This year at CSAW Finals, Vector35 contributed an entire NES/Famicom RPG as a challenge category. One challenge was solving the puzzle of the mysterious “Blox Cave” – a room of 24 urns that need to be activated in a certain combination in order to open the door to the flag.
I think forensics challenges are generally horrible no fun zones, but Fluffy No More is actually a fun little scavenger hunt through a filesystem. @brad_anton gives us a tarball of the relevant parts of a compromised webserver – a MySQL database dump,
/var/www/ , and all of
/etc/. Co-credit for this challenge goes to Alex… Read more »
routarded starts you out with a hint in the challenge description that the target webpage is a router with default credentials. After trying a bunch of default router combinations, @jonathansinger found a working combination of <blank>:admin. This pops you into the management site of this fake router, which has a promising diagnostics page. We went… Read more »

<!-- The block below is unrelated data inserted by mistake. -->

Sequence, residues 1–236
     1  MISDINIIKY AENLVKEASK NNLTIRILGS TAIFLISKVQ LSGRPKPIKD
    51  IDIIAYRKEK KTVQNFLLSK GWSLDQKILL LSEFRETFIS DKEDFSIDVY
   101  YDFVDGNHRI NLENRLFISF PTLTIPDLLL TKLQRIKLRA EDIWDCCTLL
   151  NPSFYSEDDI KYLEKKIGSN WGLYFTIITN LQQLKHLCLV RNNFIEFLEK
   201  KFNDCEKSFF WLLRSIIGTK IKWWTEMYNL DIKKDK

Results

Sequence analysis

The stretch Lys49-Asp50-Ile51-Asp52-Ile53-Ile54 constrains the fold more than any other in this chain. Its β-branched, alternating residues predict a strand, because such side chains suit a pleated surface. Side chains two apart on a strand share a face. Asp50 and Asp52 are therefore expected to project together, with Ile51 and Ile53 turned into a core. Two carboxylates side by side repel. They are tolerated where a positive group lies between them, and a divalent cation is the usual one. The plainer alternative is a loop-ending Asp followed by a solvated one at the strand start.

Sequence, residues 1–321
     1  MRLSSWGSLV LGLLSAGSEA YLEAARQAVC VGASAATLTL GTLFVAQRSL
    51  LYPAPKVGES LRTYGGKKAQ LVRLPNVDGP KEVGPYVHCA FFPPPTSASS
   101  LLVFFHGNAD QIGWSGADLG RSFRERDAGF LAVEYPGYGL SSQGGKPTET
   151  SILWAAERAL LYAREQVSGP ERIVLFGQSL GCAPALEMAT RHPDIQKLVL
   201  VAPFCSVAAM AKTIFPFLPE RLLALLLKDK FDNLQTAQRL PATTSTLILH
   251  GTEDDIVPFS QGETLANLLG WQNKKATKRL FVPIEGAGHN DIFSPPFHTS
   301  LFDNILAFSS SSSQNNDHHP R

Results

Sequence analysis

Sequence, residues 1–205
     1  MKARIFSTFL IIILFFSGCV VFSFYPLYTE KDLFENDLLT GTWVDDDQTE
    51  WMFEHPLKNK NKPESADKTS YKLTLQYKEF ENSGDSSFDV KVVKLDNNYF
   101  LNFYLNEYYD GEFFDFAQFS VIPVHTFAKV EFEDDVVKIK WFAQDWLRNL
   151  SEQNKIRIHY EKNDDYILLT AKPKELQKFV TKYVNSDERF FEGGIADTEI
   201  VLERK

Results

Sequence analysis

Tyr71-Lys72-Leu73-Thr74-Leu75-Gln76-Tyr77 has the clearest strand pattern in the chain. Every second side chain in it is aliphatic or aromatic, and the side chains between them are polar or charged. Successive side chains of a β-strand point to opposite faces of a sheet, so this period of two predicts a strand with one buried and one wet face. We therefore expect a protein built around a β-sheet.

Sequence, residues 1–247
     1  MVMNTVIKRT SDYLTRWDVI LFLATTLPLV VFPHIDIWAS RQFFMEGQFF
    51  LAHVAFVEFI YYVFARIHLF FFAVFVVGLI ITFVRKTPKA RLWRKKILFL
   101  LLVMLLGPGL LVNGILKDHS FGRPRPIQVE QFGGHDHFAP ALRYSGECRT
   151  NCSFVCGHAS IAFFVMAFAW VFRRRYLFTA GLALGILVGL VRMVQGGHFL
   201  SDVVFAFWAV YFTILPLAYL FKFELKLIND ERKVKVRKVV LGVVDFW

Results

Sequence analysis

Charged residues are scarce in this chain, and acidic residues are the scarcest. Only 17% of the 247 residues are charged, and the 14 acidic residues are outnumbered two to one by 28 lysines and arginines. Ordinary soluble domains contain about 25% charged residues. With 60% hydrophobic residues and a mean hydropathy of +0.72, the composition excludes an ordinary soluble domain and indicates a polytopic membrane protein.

hackertool had a torrent with a single large file: every_ip_address.txt. After downloading a few chunks, I opened it in a text editor and found that it the file was a consecutive list of IP addresses going from 0.0.0.0 to (presumably) 255.255.255.255. Instead of waiting for it to download, Alex Lynch had the idea for us to generate it… Read more »
Hack@UCF (or more formally, the Collegiate Cyber Defense Club at UCF) now has a multi-server environment, but we started out with little to no inventory to speak of. Our club was founded about a year and a half ago, and we’ve slowly acquired more and more hardware for our strapping little environment. Some of our… Read more »
In a trend of what seems to be gently breaking casually run/newer CTFs, we at Knightsec found the source code for the TracerFire competition.
So we accidentally discovered a flag submission bug in the ATAST 2012 flag submission system after I submitted the first 20 point flag for web100 (23a952b7674e0c2d602bde4ba6367b93), not knowing that club member Jonathan Singer submitted it earlier.
Pwn300 was a Python Twisted site that served a page with a single form to kill, arrest, or bankrupt the kids of South Park. The organizers provided the source code for the challenge, which included the web service and a compiled Python module. The source to the page tells us that the flag is in… Read more »
This challenge asked us to transfer $2000 to an account when all new accounts are created with only $1000.